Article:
I made a quick comment on self checkouts recently, which resulted in a debate on Facebook. I’m really not that opposed to self checkout in particular, aside from the fact that they rarely seem to work correctly, but it’s more the principle of the thing. Machines replacing people has been a major concern for a long time, and while the point that it’s cheaper for businesses is generally true, it’s also quite dehumanizing. The workers who are being replaced are actual human beings with their own needs, while the machines aren’t.
Not yet, anyway. We’ll see what happens if the technological singularity ever occurs. It’s made even worse by the fact that it’s typically working-class people who are hit the hardest. There aren’t too many mechanical doctors around, even if there is a tendency to use WebMD instead of going to the doctor.
I mentioned in my post on American tall tales that the fear of workers being replaced by machines was a major part of the story of John Henry. The Jetsons presents a world where machines doing most of the work has led to a near-utopia where people can get by on working six-hour weeks.
As I’ve seen mentioned before, we have plenty of people working six-hour weeks these days, but they’re hardly able to live comfortable middle-class lives. I’d say part of this is because there hasn’t really been a paradigm shift to reflect the changing workplace, so to speak. The President recently made a speech about how the rich continue to get richer while the middle class stagnates. I can’t help but feel this is largely because the idea of businesses hiring people and paying them for their work has gone out of fashion. They cut corners, whether by using machines, sending jobs to countries where people are willing to work for much less money, or simply paying low wages and not providing job security. I know a lot of low-income people supplement their paychecks with food stamps and other such government programs, but it seems like the same people who are opposed to regulating business are also against these programs. You can’t have it both ways! Well, okay, you can, but then you can’t reasonably say you value life.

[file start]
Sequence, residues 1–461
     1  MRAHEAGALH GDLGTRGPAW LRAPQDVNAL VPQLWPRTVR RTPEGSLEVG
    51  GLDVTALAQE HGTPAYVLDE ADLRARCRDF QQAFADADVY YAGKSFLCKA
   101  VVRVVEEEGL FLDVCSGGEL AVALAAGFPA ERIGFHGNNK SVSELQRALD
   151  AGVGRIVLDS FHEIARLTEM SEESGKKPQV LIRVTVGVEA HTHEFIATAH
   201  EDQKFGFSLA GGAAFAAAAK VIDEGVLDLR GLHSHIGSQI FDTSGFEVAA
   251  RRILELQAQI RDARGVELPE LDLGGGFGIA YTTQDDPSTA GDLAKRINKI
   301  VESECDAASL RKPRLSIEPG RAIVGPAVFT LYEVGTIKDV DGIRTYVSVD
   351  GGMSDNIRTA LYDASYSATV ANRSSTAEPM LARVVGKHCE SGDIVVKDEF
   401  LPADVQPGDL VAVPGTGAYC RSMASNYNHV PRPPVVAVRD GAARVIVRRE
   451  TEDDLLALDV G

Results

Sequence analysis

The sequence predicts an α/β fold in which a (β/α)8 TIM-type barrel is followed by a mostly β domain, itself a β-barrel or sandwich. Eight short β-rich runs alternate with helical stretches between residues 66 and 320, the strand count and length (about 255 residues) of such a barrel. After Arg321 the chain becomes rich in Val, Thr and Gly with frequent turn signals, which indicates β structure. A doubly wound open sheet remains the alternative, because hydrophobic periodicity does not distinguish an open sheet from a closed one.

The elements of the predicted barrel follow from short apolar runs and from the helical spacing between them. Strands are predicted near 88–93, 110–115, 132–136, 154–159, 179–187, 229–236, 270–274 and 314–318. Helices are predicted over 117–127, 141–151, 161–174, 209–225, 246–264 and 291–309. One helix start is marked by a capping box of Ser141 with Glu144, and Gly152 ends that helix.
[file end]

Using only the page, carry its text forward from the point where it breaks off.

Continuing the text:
I suppose one significant question is whether businesses that can afford to hire people and pay them decent wages have an obligation to do so. After all, they’re in business to make money, not to help people out. Laissez-faire capitalists would likely argue that they don’t, but I see laissez-faire capitalism as essentially letting the inmates run the asylum. That’s not entirely fair, though, because some mentally ill people have a sense of compassion. I believe those who have benefited from the economic system owe something to those who don’t, but how to implement is an issue. Our elected officials are supposed to be regulating business and helping out the poor, but many of them are in league with big business.
Everyone talks about job creation, but what we mostly have nowadays is job destruction.
Sure, we can make up jobs for people to do, but if they aren’t really necessary, how is that going to benefit society in general? One sort of job that does remain when machines put people out of work is that of maintaining the machines, but not everyone has the relevant skill set. I really think the subject requires more attention than it’s being given. So many proposed and implemented solutions are top-down, and while in some cases that’s better than nothing, it often just makes sure the rich stay rich even when their businesses fail. And while I don’t want them to starve either, they’re in much less danger of doing so.